Detail – 0 will apply the sharpening to only the larger edges where 100 will hit every edge no matter the size. The detail slider is designed more for bringing out the finer textures.

Masking – Allows you to decide where the sharpening is to be applied and where you can “mask” it out. ALT/OPT key provides visual overlay. The areas in black are being masked out, while the areas in white are where the sharpening will take effect


Noise Color/Luminance

Luminance noise is noise where only the brightness of a pixel is affected.  Luminance noise is monochromic so it will be less colorful and more like grain. Seen frequently in images with high ISO

Color noise looks more like confetti, multi-colored pixels in area that should have solid color

There are many programs and adjustments that can help minimize the look of noise but they come at a price….they soften your image and blur the details. They best way to avoid issues with noise is don’t bring it in in the first place. Expose to the right. Of course, with really low light shots and night images a software solution is required.

Profiles vs Presets

Presets are shortcuts or predetermined “recipes” for applying Develop/Edit settings.
















Profiles apply an overall look to the photo. They leave all the Develop/Edit controls unchanged. It a different starting point for your image. LUT’s(Look up tables) LUTs work by remapping colors and allow you to browse various color rendering, camera profiles and creative artistic effects

Size vs aspect ratio

Size is the actual measurement of an image length and width, the dimensions of your image. It can be measured in inches or pixels

Aspect Ratio is the proportional relationship between its width and height – so will determine its shape. For instance, a 6 x 4 inch image has an aspect ratio of 3:2. An aspect ratio does not have units attached – instead, it represents how large the width is in comparison to the height.





DPI – Dots per inch deals with a printed or scanned image.  How many dots of ink will be applied per inch of paper.  DPI is for print out put

PPI – Pixels per inch deals with pixel resolution and is usually used in screen and digital image formats. The higher PPI the higher the pixel density and hence the quality of the image. The individual pixels in a 300 PPI image are much smaller than in a 72 PPI image. Smaller pixels blend the shapes and color better and allow for greater enlargements.

Raw vs DNG

Because each type of digital camera has a different sensor, many different types of camera raw formats exist.

Each camera manufacturer has their own proprietary RAW format, Canon uses .CR2, Nikon .NEF, Sony ARW etc.

Along comes ADOBE and they create a format called DNG which stands for Digital Negative. They are open standard and non-proprietary. It is intended for long term file preservation should any of these camera companies go out of business.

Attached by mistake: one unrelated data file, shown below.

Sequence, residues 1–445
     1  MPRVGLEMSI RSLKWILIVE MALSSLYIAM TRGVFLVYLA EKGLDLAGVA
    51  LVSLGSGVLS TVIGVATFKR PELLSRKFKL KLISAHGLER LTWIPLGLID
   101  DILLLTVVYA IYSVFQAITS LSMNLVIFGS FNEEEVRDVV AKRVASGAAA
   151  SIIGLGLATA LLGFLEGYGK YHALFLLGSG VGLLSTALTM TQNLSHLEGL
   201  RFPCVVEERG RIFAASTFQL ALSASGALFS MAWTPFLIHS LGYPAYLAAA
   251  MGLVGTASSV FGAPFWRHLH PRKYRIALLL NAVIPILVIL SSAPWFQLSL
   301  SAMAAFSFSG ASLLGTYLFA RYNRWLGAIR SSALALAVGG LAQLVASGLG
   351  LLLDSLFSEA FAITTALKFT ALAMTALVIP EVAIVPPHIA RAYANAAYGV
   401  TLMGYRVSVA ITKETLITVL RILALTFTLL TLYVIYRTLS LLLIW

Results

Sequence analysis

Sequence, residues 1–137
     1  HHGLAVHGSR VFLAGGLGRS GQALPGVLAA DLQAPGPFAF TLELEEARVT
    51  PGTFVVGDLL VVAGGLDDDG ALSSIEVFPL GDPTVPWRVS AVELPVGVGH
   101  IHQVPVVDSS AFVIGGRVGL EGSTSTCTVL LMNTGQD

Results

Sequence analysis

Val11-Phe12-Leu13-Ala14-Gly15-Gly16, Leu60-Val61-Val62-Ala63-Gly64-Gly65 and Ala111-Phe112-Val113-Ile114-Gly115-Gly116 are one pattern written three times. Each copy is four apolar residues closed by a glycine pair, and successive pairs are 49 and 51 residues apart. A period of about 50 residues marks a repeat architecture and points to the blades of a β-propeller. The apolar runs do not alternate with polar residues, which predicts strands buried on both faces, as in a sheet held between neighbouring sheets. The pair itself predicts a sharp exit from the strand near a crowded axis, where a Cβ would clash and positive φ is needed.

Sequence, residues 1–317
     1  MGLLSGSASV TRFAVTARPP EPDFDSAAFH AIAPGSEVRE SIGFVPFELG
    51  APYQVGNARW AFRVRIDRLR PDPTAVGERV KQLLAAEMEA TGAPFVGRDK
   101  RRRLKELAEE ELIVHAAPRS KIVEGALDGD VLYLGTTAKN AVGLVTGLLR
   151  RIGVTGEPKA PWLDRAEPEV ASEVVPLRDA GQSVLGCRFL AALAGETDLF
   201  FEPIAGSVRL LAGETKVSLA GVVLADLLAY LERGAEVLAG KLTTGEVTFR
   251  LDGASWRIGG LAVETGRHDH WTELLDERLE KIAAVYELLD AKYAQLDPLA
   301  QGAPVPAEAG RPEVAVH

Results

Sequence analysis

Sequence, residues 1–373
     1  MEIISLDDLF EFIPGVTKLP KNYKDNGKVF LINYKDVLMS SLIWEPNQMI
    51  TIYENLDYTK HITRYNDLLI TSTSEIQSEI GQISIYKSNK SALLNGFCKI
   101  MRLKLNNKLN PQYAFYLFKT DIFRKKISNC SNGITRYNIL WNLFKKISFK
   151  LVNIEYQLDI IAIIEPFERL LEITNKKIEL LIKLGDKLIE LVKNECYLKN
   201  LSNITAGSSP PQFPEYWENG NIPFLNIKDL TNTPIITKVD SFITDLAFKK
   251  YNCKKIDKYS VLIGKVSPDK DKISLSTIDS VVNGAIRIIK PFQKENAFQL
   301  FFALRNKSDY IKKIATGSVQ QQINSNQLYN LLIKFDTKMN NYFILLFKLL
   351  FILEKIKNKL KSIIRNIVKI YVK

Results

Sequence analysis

There are pros and cons to converting RAW images to DNG. They claim to be faster loading and compact. It does take another step in the import process to convert to DNG, especially with large files. You lose the ability to use the manufactures software, The DNG file format removes a lot of the metadata from the RAW file, so details about picture controls, focus point, and so forth, are no longer available.

Backups take longer and many international photography competitions will not accept DNG.

As of today, I do not convert my RAW images to DNG

Rendering intents Relative / Perceptual

Rendering intent describes four modes by which color management systems adapt some or all colors in a picture to the limitations of a given display or printer.

For practical purposes we use two of those, Relative Colorimetric and Perceptual

Perceptual – Tries to preserve the visual relationship between color so it’s perceived as natural to the human eye, even though the color values themselves may change. This is useful with images that have out-of-gamut colors.

With Perceptual, colors are generally desaturated in order to preserve their perceived relationship. This can make for very smooth transitions between colors and avoids the banding that is possible with Relative Colorimetric, the downside is a slight loss of saturation.

Relative Colorimetric – Out-of-gamut colors are shifted to the closest reproducible color in the destination color space. It compares the white of the source color space to that of the destination color space and shifts all color accordingly. Relative colorimetric preserves more of the original colors in an image than Perceptual. First it takes all the colors the printer or color space can reproduce and does so, exactly. Then, it takes all the ones out of gamut and maps them to their closest in gamut equivalent. This rendering intent has the benefit of causing no over all tone shift to the image. Relative Colorimetric tries to reproduce colors with as little desaturation as possible.

For most images, Relative Colorimetric rendering produces superior results. For others, Perceptual will be far better. Images with significant shadow details where a slight lightening of the print is acceptable to open up the shadows. Also images with areas of highly saturated color can benefit from Perceptual rendering. If you see color banding in the soft proof with Rel. Color. selected, try Perceptual.

Lightroom desktop /mobile/cc/cloud etc

I saved this one for last as it keeps changing!!









We went from Lightroom then branched of to Lightroom 6 and Lightroom CC when the new subscription model was released. Then in 2017 it was just called Lightroom Classic CC now its Lightroom Classic. Lightroom Classic is the desktop-focused digital photography product. Lightroom Classic is the renamed version of the Lightroom application you have used in the past, and it is optimized for desktop-focused workflows, including local storage of your photos in files and folders on your computer.

Lightroom is the cloud-based photo service that works across desktop, mobile, and web. This was called Lightroom CC now it’s just Lightroom.

Finally, there is Lightroom Mobile – This app is for IOS and Android

I hope that help to put some of the missing pieces together


I am available for one on one instruction either at your home with your computer and images or we can meet online via TEAMVIEWER.

I can help you

Setting up and understanding Lightroom

Organize your images

Cleaning up your mess

Find missing photos

Streamline your workflow

Advanced techniques in Post Processing

Quick Tips and Shortcuts


Backing Up

Create Books and Prints

I also teach classes throughout the year with ARIZONA HIGHWAYS PHOTOSCAPES at University of Phoenix.

Suzanne Mathia is an Instructor with